• Figure 30: Vodafone Automotive is aiming to be global
  • Figure 31: Forecasts for incremental annual revenue increase by service

AI: How telcos can profit from deep learning

The enduring value of connected assets

In the digital economy, the old adage knowledge is power applies as much as ever. The ongoing advances in computing science mean that knowledge (in the form of insights gleaned from large volumes of detailed data) can increasingly be used to perform predictive analytics, enabling new services and cutting costs. At the same time, the widespread deployment of connected devices, appliances, machines and vehicles (the Internet of Things) now means enterprises can get their hands on granular real-time data, giving them a comprehensive and detailed picture of what is happening now and what is likely to happen next.

A handful of companies already have a very detailed picture of their markets thanks to far-sighted decisions to add connectivity to the products they sell. Komatsu, for example, uses its Komtrax system to track the activities of almost 430,000 bulldozers, dump-trucks and forklifts belonging to its customers. The Japan-based company has integrated monitoring technologies and connectivity into its construction and mining equipment since the late 1990s. Komatsu says the Komtrax system is standard equipment on “most Komatsu Tier-3 Construction machines” and on most small utility machines and backhoes.

Komatsu’s machines ship with GPS chips that can pinpoint their position, together with a unit that gathers engine data. They can then transmit the resulting data to a communication satellite, which relays that information to the Komtrax data centre.

The data captured by Komtrax (and other Internet of Things solutions) has value on multiple different levels:

  • It provides Komatsu with market intelligence
  • It enables Komatsu to offer value added services for customers
  • It gives detailed data on the global economy that can be used for computer modelling and to support the development of artificial intelligence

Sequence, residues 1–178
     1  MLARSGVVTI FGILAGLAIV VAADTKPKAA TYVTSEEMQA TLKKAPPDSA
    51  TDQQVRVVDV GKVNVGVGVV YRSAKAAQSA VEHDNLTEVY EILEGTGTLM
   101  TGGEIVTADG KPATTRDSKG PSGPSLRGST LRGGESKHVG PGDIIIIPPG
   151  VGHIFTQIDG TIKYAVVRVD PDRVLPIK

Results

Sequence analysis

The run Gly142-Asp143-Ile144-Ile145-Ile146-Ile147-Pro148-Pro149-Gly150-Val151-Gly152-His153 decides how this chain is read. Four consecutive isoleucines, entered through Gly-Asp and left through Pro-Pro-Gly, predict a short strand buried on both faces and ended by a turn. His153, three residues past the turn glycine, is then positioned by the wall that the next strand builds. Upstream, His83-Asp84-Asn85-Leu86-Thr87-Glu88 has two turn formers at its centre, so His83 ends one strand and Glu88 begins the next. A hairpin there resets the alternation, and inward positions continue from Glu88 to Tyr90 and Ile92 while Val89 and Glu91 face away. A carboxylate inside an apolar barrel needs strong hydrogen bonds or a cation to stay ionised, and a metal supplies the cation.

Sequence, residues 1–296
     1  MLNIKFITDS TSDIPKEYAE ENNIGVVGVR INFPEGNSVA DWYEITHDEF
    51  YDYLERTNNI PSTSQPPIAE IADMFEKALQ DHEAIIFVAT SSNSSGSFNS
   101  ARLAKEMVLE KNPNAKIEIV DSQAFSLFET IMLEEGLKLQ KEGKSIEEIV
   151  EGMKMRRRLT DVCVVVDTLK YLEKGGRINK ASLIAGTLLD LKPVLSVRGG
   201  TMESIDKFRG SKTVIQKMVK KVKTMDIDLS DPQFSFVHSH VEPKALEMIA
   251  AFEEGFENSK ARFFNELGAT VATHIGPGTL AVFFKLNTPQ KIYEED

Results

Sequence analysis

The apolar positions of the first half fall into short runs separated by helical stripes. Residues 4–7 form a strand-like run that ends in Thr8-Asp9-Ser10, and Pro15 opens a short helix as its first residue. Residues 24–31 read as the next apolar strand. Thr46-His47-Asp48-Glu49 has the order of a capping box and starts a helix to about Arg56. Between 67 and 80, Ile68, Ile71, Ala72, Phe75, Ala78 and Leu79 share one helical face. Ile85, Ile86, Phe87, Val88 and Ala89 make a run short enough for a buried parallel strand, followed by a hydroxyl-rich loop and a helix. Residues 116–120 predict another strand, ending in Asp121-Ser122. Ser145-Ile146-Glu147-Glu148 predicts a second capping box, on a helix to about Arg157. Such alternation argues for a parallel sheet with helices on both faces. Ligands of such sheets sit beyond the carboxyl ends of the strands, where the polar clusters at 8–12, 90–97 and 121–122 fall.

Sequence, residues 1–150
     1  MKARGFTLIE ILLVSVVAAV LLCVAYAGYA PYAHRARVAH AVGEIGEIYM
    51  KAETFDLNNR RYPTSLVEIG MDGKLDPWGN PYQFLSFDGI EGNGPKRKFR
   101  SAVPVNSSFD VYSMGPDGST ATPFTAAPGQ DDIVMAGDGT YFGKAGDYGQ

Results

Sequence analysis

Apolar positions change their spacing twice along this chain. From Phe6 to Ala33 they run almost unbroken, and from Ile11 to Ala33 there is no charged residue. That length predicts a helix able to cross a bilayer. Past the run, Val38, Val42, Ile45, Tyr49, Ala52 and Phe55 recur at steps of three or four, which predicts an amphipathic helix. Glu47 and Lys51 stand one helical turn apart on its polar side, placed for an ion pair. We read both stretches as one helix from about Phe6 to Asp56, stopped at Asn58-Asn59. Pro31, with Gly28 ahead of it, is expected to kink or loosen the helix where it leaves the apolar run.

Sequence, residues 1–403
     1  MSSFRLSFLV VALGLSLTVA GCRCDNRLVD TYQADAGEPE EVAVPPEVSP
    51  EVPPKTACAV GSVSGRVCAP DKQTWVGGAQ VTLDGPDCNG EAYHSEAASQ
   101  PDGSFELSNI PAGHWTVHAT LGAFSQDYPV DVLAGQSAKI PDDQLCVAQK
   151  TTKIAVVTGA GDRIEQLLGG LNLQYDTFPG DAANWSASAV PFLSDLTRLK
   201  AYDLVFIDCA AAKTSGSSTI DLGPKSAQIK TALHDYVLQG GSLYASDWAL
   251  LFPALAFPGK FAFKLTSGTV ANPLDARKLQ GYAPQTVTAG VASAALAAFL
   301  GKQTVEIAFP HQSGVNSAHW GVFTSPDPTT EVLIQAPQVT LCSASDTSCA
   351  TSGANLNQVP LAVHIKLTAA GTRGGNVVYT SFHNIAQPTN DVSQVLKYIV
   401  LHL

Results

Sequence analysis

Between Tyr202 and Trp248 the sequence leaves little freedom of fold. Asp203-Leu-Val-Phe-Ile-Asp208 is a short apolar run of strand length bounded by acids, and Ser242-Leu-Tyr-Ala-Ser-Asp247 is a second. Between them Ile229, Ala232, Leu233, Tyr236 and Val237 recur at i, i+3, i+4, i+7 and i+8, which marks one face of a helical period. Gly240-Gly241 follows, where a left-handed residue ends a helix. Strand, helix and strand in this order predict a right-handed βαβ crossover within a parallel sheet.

Market intelligence for Komatsu

For Komatsu, Komtrax provides valuable information about how its customers use its equipment, which can then be used to refine its R&D activities. Usage data can also help sales teams figure out which customers may need to upgrade or replace their equipment and when.

Komatsu’s sales and finance departments use the findings, for example, to offer trade-ins and sales of lighter machines where heavy ones are underused. Its leasing firm can also use the information to help find customers for its rental fleet.

Furthermore, Komatsu is linking market information directly with its production plants through Komtrax (see Figure 1). It says its factories “aggressively monitor and analyse the conditions of machine operation and abrasion of components” to enable Komatsu and its distributors to improve operations by better predicting the lifetime of parts and the best time for overhauls.

Figure 1: How Komatsu uses data captured by its customers’ equipment

Source: Komatsu slide adapted by STL Partners

Value added services for customers

The Komtrax system can also flag up useful information for Komatsu’s customers. Komatsu enables its customers to access the information captured by their machines’ onboard units, via an Internet connection to the Komtrax data centre.

Customers can use this data to monitor how their machines are being used by their employees. For example, it can show how long individual machines are sitting idle and how much fuel they are using. Komatsu Australia, for example, says Komtrax enables its customers to track a wide range of performance indicators, including:

  • Location
  • Operation map (times of day the engine was on/off)
  • Actual fuel consumptionAverage hourly fuel consumption
  • Residual fuel level
  • High water temperature during the day’s operation
  • Dashboard cautions
  • Maintenance reminders/notifications
  • “Night Time” lock
  • Calendar lock
  • Out of Area alerts
  • Movement generated position reports
  • Actual working hours (engine on time less idle time)
  • Operation hours in each work mode (economy, power, breaker, lifting)
  • Digging hours
  • Hoisting hours
  • Travel hours
  • Hydraulic relief hours
  • Eco-mode usage hours
  • Load frequency (hours spent in four different load levels determined by pump pressures or engine torque)

 

Content:

  • Introduction
  • Executive Summary
  • The enduring value of connected assets
  • Tapping telecoms networks
  • Enabling Deep Neural Networks
  • Real world data: the raw material
  • Learning from Tesla
  • The role of telcos
  • Conclusions and Recommendations

Figures:

  • Figure 1: How Komatsu uses data captured by its customers’ equipment
  • Figure 2: Interest in deep learning has risen rapidly in the past two years
  • Figure 3: Deep learning buzz has helped drive up Nvidia’s share price
  • Figure 4: The key players in the development of deep learning technology
  • Figure 5: Mainstream enterprises are exploring deep learning
  • Figure 6: The automotive sector is embracing Nvidia’s artificial intelligence
  • Figure 7: Google Photos learns when users correct mistakes
  • Figure 8: Tesla’s Autopilot system uses models to make decisions
  • Figure 9: Tesla is collecting very detailed data on how to drive the world’s roads